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FAQs | Human Resources

Share Allocation

Q1: How do I allocate shares in a start-up? [Katim Touray, njogan@hotmail.com]

A1: As a very strong believer in the virtues of employee ownership, I believe options provide the best vehicle for the entrepreneur to achieve the benefits that accrue when people have psychic ownership, without giving away too much too soon. It is very easy to give founder's stock out freely and can be a mistake --often your original team doesn't hold together. If you are in a true partnership with someone, however, you have to give more away earlier. Try to pay whatever is necessary to acquire the skills you need (including professional services), and use the options for inspiration and retention.

You can also use options to attract a high caliber advisory board and potential board of directors. Allocate hypothetical percentages of the shares to yourself, your future sources of finance, and to the hopefully expanding employee pool. (20% isn't too much for the employee pool and you can use some of this for 401k matching if you wish.), Issue options that vest over a multi-year period. [Esther Smith, esmith@morino.org]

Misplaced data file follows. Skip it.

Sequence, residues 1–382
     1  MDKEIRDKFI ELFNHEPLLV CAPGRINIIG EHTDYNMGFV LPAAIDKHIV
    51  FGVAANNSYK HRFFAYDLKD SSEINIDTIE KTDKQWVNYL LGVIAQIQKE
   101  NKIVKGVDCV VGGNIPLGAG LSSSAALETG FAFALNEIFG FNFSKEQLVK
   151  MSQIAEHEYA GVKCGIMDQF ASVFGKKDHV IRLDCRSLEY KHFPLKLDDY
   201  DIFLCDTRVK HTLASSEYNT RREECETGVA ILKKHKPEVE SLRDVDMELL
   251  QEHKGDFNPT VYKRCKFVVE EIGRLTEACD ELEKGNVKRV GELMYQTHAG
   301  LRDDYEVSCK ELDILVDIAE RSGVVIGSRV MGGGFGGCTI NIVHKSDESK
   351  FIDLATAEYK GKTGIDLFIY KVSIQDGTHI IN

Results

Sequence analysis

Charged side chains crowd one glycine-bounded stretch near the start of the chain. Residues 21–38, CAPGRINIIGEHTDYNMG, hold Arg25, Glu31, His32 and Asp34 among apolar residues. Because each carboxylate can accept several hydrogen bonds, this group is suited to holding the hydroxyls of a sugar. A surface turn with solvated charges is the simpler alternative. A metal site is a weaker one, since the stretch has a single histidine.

A2: It is very difficult to build a successful company without offering each and every employee stock options. Work backwards to figure out the amount. You can architect your share allocation based on the amount of money you will need to raise to become cash flow positive. You will then be able to determine ownership based on expected dilution. [Mike Simon]

A3: A good lawyer is needed to help you do this right. A lawyer will help you step through this area and avoid major mistakes. Even small mistakes can become major and any mistake can cost you or somebody else a fortune. Get some good advice on how to properly create an option plan even if you think you know exactly what you want to do. [Jeff Bergman, jbergman@radix.net]

A3: The "Small Business Answer Book", Jim Schell, Wiley, can answer many questions like this. [Hans Tallis, Hans_Tallis@ers.com]

A4: The Foundation for Enterprise Development sponsors www.fed.org, which publishes an outstanding "Entrepreneurs Guide to Equity" for about $20. I recommend it for any small-business owner. The web site also has some very good material and pointers. [Hans Tallis, Hans Tallis@ers.com]

 

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